ATM Skimmer Steals Bank Acct. Info, Problem Could Be Widespread

ATM Skimmer Steals Bank Acct. Info, Problem Could Be Widespread

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Police on Wednesday released photos of two suspects they believed are involved in the skimming incident. (Medford Township Police Department) Police on Wednesday released photos of two suspects they believed are involved in the skimming incident. (Medford Township Police Department)
Medford, NJ -

A big warning tonight for anyone who uses an automatic teller machine to get cash, which is just about everybody these days.

Police in Medford, Burlington County, believe a man intent on stealing from bank customers installed what's called a "skimming device" on an ATM inside the lobby of a TD bank in Medford, New Jersey.  A surveillance camera captured an image of the man on the morning of December 16th.  It also captured a photo of his accomplice, who showed up at the same ATM to remove it late the next night.  Over that 40-hour period, the device allowed them to copy the bank account information of hundreds of people.  "A bunch of crooks," Michael Mickinak told Fox 29.  "I don't know how they do that."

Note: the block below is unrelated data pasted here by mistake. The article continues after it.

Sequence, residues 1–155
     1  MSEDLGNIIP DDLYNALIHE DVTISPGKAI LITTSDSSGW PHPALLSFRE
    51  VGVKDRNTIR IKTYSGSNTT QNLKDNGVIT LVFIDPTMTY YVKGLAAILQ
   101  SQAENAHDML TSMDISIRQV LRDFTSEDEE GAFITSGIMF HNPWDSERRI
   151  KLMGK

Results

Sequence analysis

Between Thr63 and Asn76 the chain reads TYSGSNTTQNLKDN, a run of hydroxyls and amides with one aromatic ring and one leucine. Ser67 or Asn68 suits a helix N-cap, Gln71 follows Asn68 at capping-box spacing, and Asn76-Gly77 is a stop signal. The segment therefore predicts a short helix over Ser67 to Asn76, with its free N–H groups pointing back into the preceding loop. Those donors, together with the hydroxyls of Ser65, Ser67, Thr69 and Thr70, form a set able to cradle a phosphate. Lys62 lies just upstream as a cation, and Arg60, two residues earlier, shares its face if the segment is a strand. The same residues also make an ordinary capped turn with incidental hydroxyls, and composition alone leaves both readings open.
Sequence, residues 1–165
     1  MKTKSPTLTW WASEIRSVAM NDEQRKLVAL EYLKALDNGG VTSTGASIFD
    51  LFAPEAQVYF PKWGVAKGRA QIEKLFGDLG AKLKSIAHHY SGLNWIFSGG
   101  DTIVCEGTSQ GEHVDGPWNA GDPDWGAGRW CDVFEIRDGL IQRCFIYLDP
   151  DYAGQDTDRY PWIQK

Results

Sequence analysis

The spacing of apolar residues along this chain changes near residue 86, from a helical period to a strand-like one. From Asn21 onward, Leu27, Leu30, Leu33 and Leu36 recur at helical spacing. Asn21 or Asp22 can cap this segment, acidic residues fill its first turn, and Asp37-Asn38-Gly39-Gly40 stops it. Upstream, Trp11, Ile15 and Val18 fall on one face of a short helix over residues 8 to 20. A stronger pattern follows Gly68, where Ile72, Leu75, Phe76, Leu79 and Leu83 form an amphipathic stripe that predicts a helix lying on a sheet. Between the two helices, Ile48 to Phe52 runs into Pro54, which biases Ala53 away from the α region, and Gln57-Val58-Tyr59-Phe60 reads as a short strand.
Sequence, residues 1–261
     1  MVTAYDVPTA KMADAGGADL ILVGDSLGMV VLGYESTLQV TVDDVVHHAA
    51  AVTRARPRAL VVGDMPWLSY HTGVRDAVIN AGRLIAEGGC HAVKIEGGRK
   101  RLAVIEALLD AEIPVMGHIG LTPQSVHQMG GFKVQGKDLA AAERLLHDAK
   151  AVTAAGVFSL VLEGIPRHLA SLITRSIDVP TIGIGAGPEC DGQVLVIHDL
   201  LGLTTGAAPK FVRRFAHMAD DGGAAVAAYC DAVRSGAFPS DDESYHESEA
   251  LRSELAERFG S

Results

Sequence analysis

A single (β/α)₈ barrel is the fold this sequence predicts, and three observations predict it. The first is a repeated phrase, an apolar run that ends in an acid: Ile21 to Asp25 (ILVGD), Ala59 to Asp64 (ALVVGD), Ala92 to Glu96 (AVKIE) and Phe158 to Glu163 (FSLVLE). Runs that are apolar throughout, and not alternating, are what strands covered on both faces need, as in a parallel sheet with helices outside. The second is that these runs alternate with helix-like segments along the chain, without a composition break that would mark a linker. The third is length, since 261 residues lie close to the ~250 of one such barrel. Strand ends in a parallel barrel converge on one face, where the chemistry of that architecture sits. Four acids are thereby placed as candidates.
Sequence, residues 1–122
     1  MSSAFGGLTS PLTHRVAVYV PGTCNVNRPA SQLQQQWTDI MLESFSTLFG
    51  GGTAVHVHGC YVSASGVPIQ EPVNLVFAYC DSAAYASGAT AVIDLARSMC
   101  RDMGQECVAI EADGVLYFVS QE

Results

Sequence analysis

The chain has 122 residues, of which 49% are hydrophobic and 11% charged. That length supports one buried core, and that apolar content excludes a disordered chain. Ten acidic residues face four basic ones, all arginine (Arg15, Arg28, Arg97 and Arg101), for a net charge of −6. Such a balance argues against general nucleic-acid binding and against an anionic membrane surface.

Police say it's easy to fool ATM customers.  "They're very difficult to detect to the average person," Medford Police Chief Richard Meder said.  "You're not going to notice that it's there."

Nobody did, not even police officers, who also fell victim to the scammers. Michael Mickinak didn't realize what had happened until this past Sunday, when he went to a supermarket, and his bank card didn't work.  "The first thing I thought, maybe I didn't have enough money in it, but I knew I had enough money in my account, so I couldn't figure it out."

Police started receiving reports from victims last Friday.  The crooks apparently had waited until now to use the stolen information.  When Jane Cale heard the news, "I checked my accounts right away and found there was money missing."  The crooks had stolen $1,500 from Cale's account.

What's more, the ATM on Stokes Road in Medford may not be the only one the scammers hit.  "We believe other states are involved," Chief Meder told Fox 29.  "We believe there may be other ATM's from other banks involved."  Chief Meder acknowledged there potentially could be tens of thousands of victims. "Absolutely," he said.

The best advice for ATM users?  When you're typing in your PIN code, cover the screen.  Many skimming devices are not able to collect a PIN code, so the crooks will install a tiny camera near the ATM to get your PIN.  However, some skimming devices are so sophisticated, even that won't work.

TD Bank says it will re-reimburse its customers for all losses, including overdraft fees.

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